Many may not make it down to the darker depths of the Pentagon basement where only footsteps can be heard from a hallway or two away. Miscellaneous departments — some that require a higher security clearance — reside in the close quarters. And of course, there's a 24-hour sandwich shop.

If those lollygagging around take the proper path, they may see a hidden gem that belongs to the Air Force.

No it's not a myth — it's a legend. A tribute some only hear of, but never know the exact origins or great tales.

It is the "Purple Water Fountain," now elevated and encased behind glass for no one to touch.

"As all legends go, no one is quite sure of the origin of this 'Purple Miracle'," the plaque behind the fountain reads. "However, one fact is certain. Of the 685 water fountains in the Pentagon only one is purple."

The fountain is said to bring "enlightenment" to those whose lips touch its water, the description continues. It stands outside the Air Force Council room "as testament to war-fighting common sense."

Airmen past and present have come to see it, either in its prime or as a monument. But mostly, its legendary existence is all that seems to remain.

"I think we tend to think of artifacts like when you go to the National Museum of the Air Force and you see...artifacts dating back to World War II, and nose art and more," Brian Laslie, an Air Force historian and former officer, told Air Force Times. "This is such a unique military artifact, wrapped up in war, in history and in the Pentagon, and it has its own cultural history to it."

Redditt users and bloggers who've seen it (or at least heard of it) say a Pentagon tour guide or two has said the fountain — placed in the building in the 1940s, they claim — was purple by mistake. The other hundreds of ceramic-style fountains were all blue (some say white) — the lone fountain may have been as a result of a color mix up, or perhaps a prank.

Another theory suggests the purple water fountain was part of a small set as a "color drinking fountain only" during racial segregation; however, no one can confirm other purple water fountains existed, or that this anecdotal history bodes true. Based on the plaque's description, it seems the Air Force wanted all to drink from the fountain to achieve "enlightened status" to prevent rash decision making that could cripple war plans.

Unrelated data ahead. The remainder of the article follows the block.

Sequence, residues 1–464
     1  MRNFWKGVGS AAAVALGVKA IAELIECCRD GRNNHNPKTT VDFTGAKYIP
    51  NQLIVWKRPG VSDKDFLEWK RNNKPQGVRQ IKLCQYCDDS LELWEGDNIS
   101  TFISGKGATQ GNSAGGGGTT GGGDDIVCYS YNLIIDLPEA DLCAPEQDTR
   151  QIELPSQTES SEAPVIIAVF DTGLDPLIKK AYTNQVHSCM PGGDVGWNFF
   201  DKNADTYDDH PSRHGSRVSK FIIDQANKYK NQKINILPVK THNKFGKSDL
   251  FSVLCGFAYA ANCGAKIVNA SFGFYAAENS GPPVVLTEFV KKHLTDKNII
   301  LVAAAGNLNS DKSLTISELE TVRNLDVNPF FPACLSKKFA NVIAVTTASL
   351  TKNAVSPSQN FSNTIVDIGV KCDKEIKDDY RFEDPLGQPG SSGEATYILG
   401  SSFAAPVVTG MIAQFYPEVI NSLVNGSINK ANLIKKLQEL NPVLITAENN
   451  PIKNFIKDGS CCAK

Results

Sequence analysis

For the misplaced, it served as a functional landmark.

"For years, [it was] used as a navigational aid ("If you're looking for (blank) office, go to the purple water fountain, turn left, and go down the corridor until you find it)," @Doctrine_Man, a respected military satirist who often lampoons military culture, told us. Although, "people from the [50s or 60s] era could probably entertain you with theories," he said.

Neither the program manager nor the historical exhibits curator in the Office of the Secretary of Defense could describe hard-fact origins or stories about its antiquity; Spokespeople for the Air Force said their knowledge of it today exists as short mention in Dick Anderegg's book, 'Sierra Hotel', and also in Steve Vogel's, 'Pentagon: A History.' The Air Force Historical Research Agency, a repository archive out of Maxwell Air Force Base, Alabama, had heard it existed, but nothing else.

Service members, Pentagon badge holders and some tourists may be the only ones to create their own fond memories for the history books.

Back in 2003, Laslie visited the Pentagon for a professional development program as a 1st lieutenant. The logistics airman out of Holloman Air Force Base, New Mexico, was sure he'd seen everything.

"We put this PowerPoint together on all that we saw, learned and all the people we met for our chief back at Holloman, and all he asked was, 'Did you see the purple water fountain?'" Laslie recounted. "We played it off as a joke, but some of the [lieutenant colonels and colonels] in the room came back with, 'What was the purpose of sending you to D.C. if you weren't going to visit the fountain?'" It became Laslie's 'gotcha' moment in his Air Force career. He later visited the fountain in 2007.

As the plaque reads, "Whatever myth we believe, the purple water fountain was a guide to all those who traversed the catacombs of the Pentagon."

Oriana Pawlyk covers deployments, cyber, Guard/Reserve, uniforms, physical training, crime and operations in the Middle East, Europe and Pacific for Air Force Times. She was the Early Bird Brief editor in 2015. Email her at opawlyk@airforcetimes.com.

Follow her on Twitter @Oriana0214.

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